1958 Edsel Convertible
In the mid-1950s, the Ford Motor Company was working on a car that they fancied would represent the new cutting edge in automotive pleasure. History records that the Edsel, unveiled in 1956, stands as one of the epochal failures in the history of the horseless carriage. In the telltale detail that seemed to promise an unpropitious outcome, the Edsel was named after Edsel Ford, son of the great Henry Ford. Curiously, Henry Ford II was steadfastly opposed to naming the model after his father, and the decision was reached at a board meeting in which Henry Ford II was not present—still, even if it wasn’t sheer Fordist ego, the inescapably sycophantic quality of the name wasn’t promising.
In 1955 Robert B. Young of Ford’s Marketing Research Department reached out to poet Marianne Moore for assistance on the name of the astounding new jalopy, seeking a moniker that would “convey, through association or other conjuration, some visceral feeling of elegance, fleetness, advanced features and design.” Letters of Note posted the full correspondence over the weekend, and it is hilarious.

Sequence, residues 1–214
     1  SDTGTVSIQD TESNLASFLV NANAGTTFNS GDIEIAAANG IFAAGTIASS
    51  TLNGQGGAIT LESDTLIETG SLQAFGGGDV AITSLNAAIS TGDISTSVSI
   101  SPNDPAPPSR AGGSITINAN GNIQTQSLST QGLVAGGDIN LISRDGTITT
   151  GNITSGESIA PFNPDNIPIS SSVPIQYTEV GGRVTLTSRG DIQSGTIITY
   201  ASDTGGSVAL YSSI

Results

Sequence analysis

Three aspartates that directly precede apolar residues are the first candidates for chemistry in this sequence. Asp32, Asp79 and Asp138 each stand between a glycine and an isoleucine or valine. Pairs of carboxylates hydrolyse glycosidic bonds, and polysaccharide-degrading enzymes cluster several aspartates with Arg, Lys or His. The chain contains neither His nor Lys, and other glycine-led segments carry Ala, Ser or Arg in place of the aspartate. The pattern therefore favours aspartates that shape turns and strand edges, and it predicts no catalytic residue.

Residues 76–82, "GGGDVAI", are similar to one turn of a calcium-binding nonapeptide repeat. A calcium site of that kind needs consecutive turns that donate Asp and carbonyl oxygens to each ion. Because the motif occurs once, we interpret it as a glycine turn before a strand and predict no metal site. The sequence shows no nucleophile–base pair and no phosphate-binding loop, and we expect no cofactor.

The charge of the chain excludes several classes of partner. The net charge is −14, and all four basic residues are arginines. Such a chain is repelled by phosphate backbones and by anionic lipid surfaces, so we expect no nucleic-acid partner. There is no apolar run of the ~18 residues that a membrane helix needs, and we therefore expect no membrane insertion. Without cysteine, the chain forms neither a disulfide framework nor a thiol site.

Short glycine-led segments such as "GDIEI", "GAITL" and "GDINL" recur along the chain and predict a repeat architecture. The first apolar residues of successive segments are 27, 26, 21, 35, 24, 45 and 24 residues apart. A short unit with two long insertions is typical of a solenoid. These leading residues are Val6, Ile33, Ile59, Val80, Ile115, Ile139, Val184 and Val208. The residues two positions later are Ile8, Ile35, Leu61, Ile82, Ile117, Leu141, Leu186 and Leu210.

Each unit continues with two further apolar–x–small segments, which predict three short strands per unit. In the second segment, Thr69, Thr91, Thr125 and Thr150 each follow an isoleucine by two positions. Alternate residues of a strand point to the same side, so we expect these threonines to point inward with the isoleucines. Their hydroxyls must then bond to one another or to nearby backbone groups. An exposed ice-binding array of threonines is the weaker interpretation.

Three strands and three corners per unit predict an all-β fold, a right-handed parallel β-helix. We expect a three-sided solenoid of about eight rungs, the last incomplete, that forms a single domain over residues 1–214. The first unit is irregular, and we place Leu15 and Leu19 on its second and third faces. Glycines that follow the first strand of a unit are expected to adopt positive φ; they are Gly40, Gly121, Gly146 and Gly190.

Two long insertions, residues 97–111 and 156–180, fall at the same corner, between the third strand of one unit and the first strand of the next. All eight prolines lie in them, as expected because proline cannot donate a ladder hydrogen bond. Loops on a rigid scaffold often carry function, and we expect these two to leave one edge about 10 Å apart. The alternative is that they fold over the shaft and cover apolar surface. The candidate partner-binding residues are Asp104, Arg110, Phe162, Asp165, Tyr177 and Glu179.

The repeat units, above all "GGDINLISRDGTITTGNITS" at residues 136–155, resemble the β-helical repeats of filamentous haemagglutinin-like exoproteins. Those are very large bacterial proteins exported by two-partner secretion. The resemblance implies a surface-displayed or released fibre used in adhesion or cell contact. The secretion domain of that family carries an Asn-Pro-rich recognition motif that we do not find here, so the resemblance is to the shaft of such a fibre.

Moore comes up with a great many remarkable names, most of them apparently facetious or satirical in intent, although presented with an entirely straight face. Young remarks that “seldom has the auto business had occasion to indulge in so ethereal a matter as this” and appears to brush off Moore’s more ridiculous proposals, noting that “we should like suggestions that we ourselves would not have arrived at. And, in sober fact, have not.”
Among the names Moore offered were “Mongoose Civique,” “Dearborn Diamanté,” “Pluma Piluma,” and, fantastically, “Utopian Turtletop.” On December 23, 1955, Young sent Moore “a bouquet of roses, eucalyptus and white pine” with the note “Merry Christmas to our favorite Turtletopper.”
In all, Ford weighed roughly six thousand names before coming up with “Edsel,” which today is roughly synonymous with “stinkbomb.” It’s impossible to say whether the name was a true factor in the eventual failure of the car, which first hit the road in 1958. In the final note, written by Young’s boss David Wallace, Moore learned that Young was now in the employ of “our glorious U.S. Coast Guard.”
Honestly, the correspondence is so smashingly amusing that it feels like it has to be entirely fictional. But apparently that is not the case.
Marianne Moore reads “Bird-Witted”